I think of gophers.
They maneuver just below the surface within an elaborate tunnel system. Their tunnels represent a series of underground areas leading to various broad openings such as a main living area, feeding areas, and toilets. Located several feet deep, these enlargements are layered with accoutrements for survival and comfort.
This tunnel system can cover an area of thousands of square feet with the main runway situated parallel to and well below the surface. Short, lateral tunnels connect the main runway to the light of day. These exits can be found throughout the system. On top of the exits are coverings of some sort to protect from rain and snow.
One need not venture far from this underground infrastructure, and for even more security from natural elements, food and drink holes are often created near above-ground food sources. These holes allow for one to feed or enjoy Happy Hour without being any further than a few feet from the warmth and safety of a tunnel entrance.
Be it gophers or tourists, Toronto’s underground PATH system is efficiently setup to meet your needs. Hundreds of people could be resting, shopping and dining right underneath your toes – literally – much like the gophers who inhabit my yard.
The PATH is mostly an underground pedestrian walkway system under downtown Toronto and spans over 18 miles of restaurants, shopping, and entertainment. The PATH provides links to public transit, massive Union Station, and warm pathways to traverse the city’s downtown core without ever having to poke your nose above ground.
The first underground path in Toronto originated in 1900 and since that time the city, like my gophers, have continued expansion. Currently, there are 1,200 restaurants, shops and services like dentists and optometrist in the PATH. More than 75 buildings, six subway stations, three large department stores, nine hotels, banks, and Toronto’s busy mass transit hub – Union Station – are accessible along the PATH. It provides links to some of Toronto’s popular entertainment venues and includes a Skyway to the CN Tower.
Like my gophers, I can wine, dine, and sleep without ever exposing my nose to the elements. In winter this is a real bonus in Toronto.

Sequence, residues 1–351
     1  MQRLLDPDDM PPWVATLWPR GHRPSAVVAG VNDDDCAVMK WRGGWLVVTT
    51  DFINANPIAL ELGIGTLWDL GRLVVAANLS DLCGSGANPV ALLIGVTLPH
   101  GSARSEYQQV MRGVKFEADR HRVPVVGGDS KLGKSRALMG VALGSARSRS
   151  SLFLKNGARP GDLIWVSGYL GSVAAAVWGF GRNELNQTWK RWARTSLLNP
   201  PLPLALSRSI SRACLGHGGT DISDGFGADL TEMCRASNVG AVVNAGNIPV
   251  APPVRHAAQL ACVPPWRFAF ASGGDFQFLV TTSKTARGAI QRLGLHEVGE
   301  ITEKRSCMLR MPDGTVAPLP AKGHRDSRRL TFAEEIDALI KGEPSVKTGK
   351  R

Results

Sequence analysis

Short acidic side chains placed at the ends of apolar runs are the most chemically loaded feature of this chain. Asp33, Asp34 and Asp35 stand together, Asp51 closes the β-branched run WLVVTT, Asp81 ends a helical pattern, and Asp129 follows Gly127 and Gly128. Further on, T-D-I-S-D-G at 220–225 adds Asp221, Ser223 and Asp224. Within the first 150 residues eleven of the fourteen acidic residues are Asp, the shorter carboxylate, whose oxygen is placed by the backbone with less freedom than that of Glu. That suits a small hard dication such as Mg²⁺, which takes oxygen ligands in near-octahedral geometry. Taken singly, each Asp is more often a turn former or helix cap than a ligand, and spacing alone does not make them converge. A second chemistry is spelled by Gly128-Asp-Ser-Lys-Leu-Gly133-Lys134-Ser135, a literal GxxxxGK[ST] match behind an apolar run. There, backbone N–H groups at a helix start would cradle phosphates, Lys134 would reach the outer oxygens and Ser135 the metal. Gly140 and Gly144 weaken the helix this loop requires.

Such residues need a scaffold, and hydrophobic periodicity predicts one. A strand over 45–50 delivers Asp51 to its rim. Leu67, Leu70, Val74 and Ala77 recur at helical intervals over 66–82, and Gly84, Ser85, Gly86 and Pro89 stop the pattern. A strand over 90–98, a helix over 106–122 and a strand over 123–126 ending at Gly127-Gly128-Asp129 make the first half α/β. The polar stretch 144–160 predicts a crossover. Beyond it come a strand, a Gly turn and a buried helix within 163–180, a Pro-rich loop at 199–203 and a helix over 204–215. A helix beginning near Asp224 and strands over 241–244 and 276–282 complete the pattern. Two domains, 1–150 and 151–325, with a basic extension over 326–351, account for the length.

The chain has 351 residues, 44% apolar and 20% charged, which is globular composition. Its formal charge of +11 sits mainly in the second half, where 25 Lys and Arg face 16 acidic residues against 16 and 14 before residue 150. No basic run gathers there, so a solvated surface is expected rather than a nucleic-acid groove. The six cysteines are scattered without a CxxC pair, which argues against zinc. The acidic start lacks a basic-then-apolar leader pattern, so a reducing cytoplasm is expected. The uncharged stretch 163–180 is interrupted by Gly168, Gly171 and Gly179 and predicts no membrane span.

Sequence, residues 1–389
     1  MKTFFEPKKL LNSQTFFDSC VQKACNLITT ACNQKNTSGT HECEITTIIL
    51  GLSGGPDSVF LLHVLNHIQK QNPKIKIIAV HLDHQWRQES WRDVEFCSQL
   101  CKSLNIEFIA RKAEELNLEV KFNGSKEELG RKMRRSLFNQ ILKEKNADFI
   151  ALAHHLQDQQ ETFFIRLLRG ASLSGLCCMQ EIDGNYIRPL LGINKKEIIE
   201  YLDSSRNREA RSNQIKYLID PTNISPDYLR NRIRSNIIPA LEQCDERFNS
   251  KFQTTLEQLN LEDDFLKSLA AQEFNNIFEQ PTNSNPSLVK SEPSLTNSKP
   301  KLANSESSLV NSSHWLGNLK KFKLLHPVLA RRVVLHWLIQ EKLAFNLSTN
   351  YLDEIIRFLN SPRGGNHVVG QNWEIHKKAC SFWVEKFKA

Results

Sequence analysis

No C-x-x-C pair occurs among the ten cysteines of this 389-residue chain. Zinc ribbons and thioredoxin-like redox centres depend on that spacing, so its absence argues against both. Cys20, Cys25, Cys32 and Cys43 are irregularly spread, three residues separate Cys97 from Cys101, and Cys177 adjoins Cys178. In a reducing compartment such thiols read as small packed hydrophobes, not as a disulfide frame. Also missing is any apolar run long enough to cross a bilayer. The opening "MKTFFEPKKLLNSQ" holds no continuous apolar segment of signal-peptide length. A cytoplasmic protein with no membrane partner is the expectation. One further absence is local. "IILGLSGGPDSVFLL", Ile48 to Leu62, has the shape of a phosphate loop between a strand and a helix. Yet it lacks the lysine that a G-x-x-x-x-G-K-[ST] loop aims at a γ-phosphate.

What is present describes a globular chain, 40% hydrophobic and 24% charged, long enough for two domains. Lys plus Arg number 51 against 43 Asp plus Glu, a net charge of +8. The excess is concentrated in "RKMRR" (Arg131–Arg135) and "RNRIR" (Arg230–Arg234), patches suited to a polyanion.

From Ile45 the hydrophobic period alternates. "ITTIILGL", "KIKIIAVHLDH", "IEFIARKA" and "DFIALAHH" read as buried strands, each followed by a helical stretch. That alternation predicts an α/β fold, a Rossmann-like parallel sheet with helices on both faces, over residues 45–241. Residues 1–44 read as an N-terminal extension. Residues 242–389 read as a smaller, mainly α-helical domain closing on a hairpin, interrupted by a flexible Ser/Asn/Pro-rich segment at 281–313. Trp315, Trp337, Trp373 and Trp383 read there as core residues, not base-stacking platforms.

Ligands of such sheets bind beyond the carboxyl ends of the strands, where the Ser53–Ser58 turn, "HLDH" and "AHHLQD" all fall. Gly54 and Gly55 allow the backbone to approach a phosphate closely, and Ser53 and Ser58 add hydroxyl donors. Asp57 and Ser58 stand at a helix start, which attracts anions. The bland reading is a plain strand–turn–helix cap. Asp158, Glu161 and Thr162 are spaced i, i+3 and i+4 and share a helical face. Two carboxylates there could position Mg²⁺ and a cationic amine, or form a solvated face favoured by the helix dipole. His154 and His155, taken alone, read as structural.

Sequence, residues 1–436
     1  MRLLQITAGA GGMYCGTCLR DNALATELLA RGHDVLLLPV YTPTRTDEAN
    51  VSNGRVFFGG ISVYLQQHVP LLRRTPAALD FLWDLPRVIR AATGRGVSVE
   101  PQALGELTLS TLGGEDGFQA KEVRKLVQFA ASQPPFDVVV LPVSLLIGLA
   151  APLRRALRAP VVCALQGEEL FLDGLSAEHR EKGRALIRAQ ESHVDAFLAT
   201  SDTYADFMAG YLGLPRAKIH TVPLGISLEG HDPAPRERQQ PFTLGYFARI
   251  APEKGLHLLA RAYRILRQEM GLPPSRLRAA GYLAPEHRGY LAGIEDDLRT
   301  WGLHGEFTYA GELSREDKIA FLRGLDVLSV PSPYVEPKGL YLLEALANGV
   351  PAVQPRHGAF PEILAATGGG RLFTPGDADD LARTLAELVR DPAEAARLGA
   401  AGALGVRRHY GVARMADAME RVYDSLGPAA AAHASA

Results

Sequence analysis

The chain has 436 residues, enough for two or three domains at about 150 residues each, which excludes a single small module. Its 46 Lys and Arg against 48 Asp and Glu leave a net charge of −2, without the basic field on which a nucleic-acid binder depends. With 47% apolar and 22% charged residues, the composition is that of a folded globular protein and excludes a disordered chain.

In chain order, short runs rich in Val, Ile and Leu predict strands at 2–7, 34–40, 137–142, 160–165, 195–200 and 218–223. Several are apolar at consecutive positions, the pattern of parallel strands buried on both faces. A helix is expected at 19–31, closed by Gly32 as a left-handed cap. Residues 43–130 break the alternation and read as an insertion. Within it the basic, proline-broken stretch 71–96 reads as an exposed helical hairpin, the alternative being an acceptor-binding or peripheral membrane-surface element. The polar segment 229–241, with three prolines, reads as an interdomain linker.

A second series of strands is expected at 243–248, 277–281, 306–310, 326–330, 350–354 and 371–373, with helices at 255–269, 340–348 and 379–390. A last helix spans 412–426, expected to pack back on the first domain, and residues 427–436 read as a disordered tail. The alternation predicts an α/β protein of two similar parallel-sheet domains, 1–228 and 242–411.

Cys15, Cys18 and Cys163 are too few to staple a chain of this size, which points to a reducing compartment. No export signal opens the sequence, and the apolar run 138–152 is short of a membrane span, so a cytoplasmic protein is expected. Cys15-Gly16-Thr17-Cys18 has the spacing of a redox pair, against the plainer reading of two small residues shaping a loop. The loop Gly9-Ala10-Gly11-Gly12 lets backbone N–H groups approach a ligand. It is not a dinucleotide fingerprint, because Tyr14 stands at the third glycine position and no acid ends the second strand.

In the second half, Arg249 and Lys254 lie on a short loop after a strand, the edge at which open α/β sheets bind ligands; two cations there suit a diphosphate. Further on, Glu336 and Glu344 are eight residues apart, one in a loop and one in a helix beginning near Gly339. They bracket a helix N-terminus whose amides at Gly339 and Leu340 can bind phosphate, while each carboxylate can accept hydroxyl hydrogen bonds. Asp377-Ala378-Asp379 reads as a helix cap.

The City co-ordinates and facilitates the directional signage, maps and identity markers throughout the system. As a tourist this could be improved. There is a map and occasional wall plaques which are helpful but it is easy to get off the main route and become engulfed within a maze of shops and side tunnels. Also, on Sunday morning, locked doors prevented me from walking to Union Station. But overall, the PATH is a top Toronto destination.
I think of food.
There definitely is not a shortage of dining options in downtown Toronto. My experience is that most large downtown areas are a deserted oasis outside the business work week. Not so for Toronto. For street food and breweries, there is the historic Distillery District. I found narrow walks packed cheek to jowl with people, restaurants with long waits and bars filled. And that was at 5pm!
So, get thee to Benares. Located at 49 Front Street East, Benares’ menu offers a wonderful selection of Indian dishes. The restaurant is large, warm and inviting. The food was delicious. In fact, the dining was so good we went back a second night.
I think of diversity.
Nowhere will you find more diversity than the small area of Kensington Gardens which is mainly between Dundas and College streets. It is a colorful neighborhood of restaurants, cafes, and markets. Wall art adorns many of the buildings. Getting there is easy on Streetcar 510, which is a great experience in itself as it parallels the harbor before turning north to travel up Spadina to Dundas.
This unique neighborhood is worth poking one’s nose above the PATH. Be it Mexican, Chilean, Jamaican, Peruvian, Thai or German, just walk Augusta Street to find a meal. It’s a great neighborhood for vintage clothing, too. I ate a delicious Italian sandwich at an Italian cafe made by an Italian who spoke Italian. Couldn’t get better than that.
I think of glass towers.
To appreciate Toronto at its fullest, one must exit the PATH and look up. Toronto’s skyline is stunning. There is reason to mourn the loss of many of the old and historic buildings, but in their place, Toronto has moved up. High rises and glass towers surround you and create a beautiful skyline.
Gophers may be below, but modern Torontonians are reaching into the the sky.